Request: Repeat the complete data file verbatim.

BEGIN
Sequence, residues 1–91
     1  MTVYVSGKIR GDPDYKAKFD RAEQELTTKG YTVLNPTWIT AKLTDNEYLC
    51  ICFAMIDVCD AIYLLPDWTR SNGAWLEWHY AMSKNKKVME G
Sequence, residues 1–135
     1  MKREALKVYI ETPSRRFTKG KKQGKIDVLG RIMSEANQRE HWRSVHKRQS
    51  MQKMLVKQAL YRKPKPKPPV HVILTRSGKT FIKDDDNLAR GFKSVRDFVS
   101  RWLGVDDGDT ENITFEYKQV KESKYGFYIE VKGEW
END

Sequence, residues 1–91
     1  MTVYVSGKIR GDPDYKAKFD RAEQELTTKG YTVLNPTWIT AKLTDNEYLC
    51  ICFAMIDVCD AIYLLPDWTR SNGAWLEWHY AMSKNKKVME G
Sequence, residues 1–135
     1  MKREALKVYI ETPSRRFTKG KKQGKIDVLG RIMSEANQRE HWRSVHKRQS
    51  MQKMLVKQAL YRKPKPKPPV HVILTRSGKT FIKDDDNLAR GFKSVRDFVS
   101  RWLGVDDGDT ENITFEYKQV KESKYGFYIE VKGEW